Hark! Do I dream? Nay, even now I heard
The whitethroat's music, tremulous yet clear:
The very plaint, O lonely bird,
That often midst the greening woods hath stirred
My heart; but never here!
This is the City! High above the street,
Before my window singing in the dawn,
By what imagination dost thou cheat
Thy hope to utter melody so sweet,
Far from thy groves withdrawn?
Thy tones transport me, wistful, to the North,
Seeming to lay a touch upon my brow
Cool as the balsam-laden airs that now
Through pine-woods blow: they woo my spirit forth—
Forth of the town—forth of myself. But thou?
Dost thou an exile wander from thy home
Or art thou hast'ning thither?
Through what beguilement dost thou friendless roam?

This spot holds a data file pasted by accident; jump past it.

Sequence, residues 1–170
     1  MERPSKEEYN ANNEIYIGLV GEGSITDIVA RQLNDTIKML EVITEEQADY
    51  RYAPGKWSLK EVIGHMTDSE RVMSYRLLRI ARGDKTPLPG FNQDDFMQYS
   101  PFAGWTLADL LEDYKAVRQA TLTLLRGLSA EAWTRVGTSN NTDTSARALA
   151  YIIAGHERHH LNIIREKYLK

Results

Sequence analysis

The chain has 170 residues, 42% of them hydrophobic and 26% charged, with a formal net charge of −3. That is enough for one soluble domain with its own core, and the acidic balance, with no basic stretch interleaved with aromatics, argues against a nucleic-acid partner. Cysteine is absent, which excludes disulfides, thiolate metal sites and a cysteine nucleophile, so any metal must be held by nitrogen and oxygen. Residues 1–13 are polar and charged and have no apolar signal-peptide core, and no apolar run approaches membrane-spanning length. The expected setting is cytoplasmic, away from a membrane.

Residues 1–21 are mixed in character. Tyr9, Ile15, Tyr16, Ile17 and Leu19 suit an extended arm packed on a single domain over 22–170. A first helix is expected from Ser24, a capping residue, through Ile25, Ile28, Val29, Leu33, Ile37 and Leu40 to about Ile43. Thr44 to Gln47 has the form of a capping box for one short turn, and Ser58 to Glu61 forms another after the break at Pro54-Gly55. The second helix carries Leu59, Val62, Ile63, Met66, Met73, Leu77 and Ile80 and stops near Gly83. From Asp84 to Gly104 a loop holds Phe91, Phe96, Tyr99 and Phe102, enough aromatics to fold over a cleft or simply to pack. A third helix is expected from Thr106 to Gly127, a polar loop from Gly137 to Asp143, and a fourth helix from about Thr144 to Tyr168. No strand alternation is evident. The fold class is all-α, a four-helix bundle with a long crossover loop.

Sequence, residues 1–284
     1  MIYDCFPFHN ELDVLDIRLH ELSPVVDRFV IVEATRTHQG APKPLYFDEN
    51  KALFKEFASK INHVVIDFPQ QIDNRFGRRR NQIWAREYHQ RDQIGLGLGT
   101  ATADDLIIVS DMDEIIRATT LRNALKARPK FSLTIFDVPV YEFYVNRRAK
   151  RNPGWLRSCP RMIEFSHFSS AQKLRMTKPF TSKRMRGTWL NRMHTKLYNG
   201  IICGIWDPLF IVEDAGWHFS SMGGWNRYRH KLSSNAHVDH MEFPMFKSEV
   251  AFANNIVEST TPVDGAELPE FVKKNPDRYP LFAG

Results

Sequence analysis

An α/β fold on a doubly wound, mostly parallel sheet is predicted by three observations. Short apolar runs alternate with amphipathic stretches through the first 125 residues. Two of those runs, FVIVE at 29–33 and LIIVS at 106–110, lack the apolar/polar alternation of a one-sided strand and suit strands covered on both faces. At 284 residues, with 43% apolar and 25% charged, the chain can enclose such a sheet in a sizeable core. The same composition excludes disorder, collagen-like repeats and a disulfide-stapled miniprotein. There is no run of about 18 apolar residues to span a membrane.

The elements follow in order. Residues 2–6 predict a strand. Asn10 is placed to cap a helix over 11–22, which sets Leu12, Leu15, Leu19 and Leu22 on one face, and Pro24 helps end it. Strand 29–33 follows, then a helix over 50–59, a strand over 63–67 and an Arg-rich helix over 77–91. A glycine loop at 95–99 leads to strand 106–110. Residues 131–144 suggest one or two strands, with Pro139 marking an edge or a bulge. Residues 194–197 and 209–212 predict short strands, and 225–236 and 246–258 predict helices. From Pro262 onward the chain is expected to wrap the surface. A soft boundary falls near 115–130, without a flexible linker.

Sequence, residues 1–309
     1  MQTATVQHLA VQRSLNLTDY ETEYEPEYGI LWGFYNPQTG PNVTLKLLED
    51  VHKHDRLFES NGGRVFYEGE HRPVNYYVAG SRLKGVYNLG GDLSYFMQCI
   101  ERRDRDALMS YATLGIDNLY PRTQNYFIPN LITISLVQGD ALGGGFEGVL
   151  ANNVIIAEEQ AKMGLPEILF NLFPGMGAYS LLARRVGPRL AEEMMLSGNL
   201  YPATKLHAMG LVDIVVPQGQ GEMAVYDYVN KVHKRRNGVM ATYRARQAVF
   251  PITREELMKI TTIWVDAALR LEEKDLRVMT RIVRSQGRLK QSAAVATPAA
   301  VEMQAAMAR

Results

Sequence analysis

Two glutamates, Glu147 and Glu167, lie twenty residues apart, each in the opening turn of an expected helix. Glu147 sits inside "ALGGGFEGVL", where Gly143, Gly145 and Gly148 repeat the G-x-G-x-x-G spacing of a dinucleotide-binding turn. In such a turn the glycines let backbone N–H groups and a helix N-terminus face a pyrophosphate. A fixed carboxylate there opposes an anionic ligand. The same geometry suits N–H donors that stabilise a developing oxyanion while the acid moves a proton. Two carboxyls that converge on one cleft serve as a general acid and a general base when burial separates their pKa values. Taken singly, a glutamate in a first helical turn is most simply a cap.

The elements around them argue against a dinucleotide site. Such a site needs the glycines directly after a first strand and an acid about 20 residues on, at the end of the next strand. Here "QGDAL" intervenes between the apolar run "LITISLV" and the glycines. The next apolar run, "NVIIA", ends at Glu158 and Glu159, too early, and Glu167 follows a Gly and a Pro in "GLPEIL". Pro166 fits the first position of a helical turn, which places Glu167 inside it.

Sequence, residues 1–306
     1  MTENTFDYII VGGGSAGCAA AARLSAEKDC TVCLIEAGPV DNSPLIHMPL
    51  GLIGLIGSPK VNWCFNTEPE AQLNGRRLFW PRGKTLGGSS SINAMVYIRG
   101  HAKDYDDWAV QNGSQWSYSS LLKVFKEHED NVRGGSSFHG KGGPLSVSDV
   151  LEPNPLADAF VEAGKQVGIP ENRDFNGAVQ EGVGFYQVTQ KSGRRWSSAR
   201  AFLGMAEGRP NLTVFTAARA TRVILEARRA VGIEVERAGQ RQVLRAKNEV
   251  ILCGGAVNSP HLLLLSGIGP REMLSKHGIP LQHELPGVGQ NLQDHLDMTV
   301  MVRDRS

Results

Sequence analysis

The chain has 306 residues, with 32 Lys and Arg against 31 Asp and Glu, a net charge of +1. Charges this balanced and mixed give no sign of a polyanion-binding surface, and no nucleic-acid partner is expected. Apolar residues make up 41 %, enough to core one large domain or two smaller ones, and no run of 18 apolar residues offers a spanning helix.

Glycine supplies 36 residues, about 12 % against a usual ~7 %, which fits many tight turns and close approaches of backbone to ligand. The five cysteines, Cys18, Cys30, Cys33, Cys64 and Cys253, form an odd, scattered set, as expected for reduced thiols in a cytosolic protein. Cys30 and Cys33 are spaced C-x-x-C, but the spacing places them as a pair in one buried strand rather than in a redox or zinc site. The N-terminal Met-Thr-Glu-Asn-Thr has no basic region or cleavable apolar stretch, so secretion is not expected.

And goest thou—ah, whither?
Day quickly fades, Night may refuse her star,
Clouds may arise, and elemental strife,—
Ah, hapless bird! what wanderlust of life
Betrayed thy wings so far?
Full as my soul of tremulous desires,
Thy voice I hear in supplication rise.
"Theresa!" dost thou call? Unto the skies
The plaint, adoring, holily aspires:—
"Theresa!" Is it she keeps watch o'er thee?—
Wise minstrel! Thou dost well to call on her;
No saint was ever lovelier.
Her heart had room for such wide tenderness
As his who "Little Sister" called the birds,
And pity, deeper than all words,
Taught her, like him, to bless.
Silent? Where art thou? Lo, the City wakes!
Toil's round begins, and calm the world forsakes.
Thou, too, art gone!—nor evermore shalt come
Without my window here at dawn to sing.
Adieu, strange guest! Theresa guide thy wing
Safe to the sweet wild woods that are thy home!